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Fiction

The Journal Tree (a scientific fable)

From the LabLit short story series

Julia Richards 26 March 2012

www.lablit.com/article/712

Again, they waited many weeks, and again, the crumpled paper fell to the ground

Once there was a young man who went to study with a wise old man. This wise old man lived beneath a large tree with many branches. He taught the young man many things about the plants and animals that lived around them. And when the young man had studied for many years, the old man handed him a box. In it were two mice, and the old man said, “Go and watch these two mice. One is fat and one is thin. Watch them and see what you can learn.”

So the young man studied the mice for almost two years. He watched what they ate and when they slept and how they moved about the box. At the end of almost two years, he killed the mice and studied the inside of their bodies. He returned to the old man beneath the large tree and told him all he had learned.

“Young man,” the old man said, “Write down what you have seen and we will send it to the very top of this tree.” The young man was confused and asked why they would send a paper to the top of this tree. The old man simply replied, “It is a great honor to be at the highest branch. We will send it to the very top of this tree, to Nature itself.”

“To Nature itself? That is an odd way of putting it,” replied the young man.

Still the young man went away and wrote and wrote. He was no longer young after studying and watching the mice and writing for so many years. When he was finally done, he took the paper to the old man and the old man told him to make many changes. And the no-longer young man went away and revised and revised. When he had made all the changes, the old man folded up the paper into the shape of a crane. He blew on it and it flew to the highest branch of the tree.

The no-longer young man and the old man waited and waited for many weeks. Then one day the paper, which was now unfolded and wrinkled, came floating to the ground. “The tree has rejected the paper,” the old man said. “You must write it again and we will send it to the second highest branch, to Cell.”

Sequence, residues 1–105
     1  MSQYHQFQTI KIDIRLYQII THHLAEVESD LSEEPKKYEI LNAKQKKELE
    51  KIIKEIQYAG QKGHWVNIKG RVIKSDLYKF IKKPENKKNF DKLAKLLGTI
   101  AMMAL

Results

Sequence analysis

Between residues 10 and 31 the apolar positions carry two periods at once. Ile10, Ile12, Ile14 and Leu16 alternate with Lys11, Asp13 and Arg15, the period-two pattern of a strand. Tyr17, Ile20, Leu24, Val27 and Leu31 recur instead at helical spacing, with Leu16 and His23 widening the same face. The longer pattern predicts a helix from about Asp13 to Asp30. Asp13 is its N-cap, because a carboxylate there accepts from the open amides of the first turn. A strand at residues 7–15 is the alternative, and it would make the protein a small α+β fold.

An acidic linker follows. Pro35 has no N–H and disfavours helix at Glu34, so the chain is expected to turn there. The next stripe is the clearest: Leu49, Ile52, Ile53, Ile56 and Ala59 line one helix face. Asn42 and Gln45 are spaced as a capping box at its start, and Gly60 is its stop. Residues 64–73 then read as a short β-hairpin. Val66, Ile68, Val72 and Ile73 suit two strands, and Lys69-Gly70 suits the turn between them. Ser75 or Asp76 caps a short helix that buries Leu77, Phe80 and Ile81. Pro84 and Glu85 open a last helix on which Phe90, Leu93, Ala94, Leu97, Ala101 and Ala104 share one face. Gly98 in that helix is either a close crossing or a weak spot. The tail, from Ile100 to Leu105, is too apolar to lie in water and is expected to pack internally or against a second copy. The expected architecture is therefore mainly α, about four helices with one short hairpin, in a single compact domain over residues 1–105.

“A cell of what?” asked the no-longer young man, mystified.

“Never mind,” said the old man, “Just write the paper again but you must use different handwriting and leave bigger spaces on the page. You must write more and make it sound more exciting. And the pictures you drew of the mice must be drawn differently to fit the standards of Cell.”

So the no-longer young man went away and did as the old man had asked. When he brought him the paper again, the old man folded it into a crane, blew on it, and it flew to the second highest branch. Again, they waited many weeks, and again, the crumpled paper fell to the ground. The old man was not discouraged.

“We have many other options for this paper. It can be in Development or Molecular Cell or Cancer Research. Write the paper again and make many, many changes to both the content and the formatting,” the old man said. “Sometimes the paper must hit many branches on its way down the Journal Tree.”

“The what tree?” the no-longer young man, who was becoming almost a middle-aged man, asked.

“Never mind,” the old man said, “any branch of the tree is a great honor. I think some branches would be better for this paper anyway. More people could see it on the lower branches.”

So the almost middle-aged man wrote the paper again and again, and many times, it fell back down. The last time, the old man folded it into a crane, blew on it, and it flew to one of the middle branches of the tree. This time the paper landed on the branch and stayed there. The old man and the almost middle-aged man embraced and celebrated.

Once they were done celebrating, the old man took out another box. In it were two mice, and the old man said, “Go and watch these two mice. One runs in circles and the other moves normally. Watch them and see what you can learn.”

The increasingly middle-aged man looked in the box and looked up into the high branches of the tree. The highest branch was so high it could hardly be seen. Instead of taking the box from the old man, he turned his back and walked away.

He walked down the road out of the woods and into the town. There were many jobs in this town, working in the shops or teaching in the schools. He walked and walked and never looked back.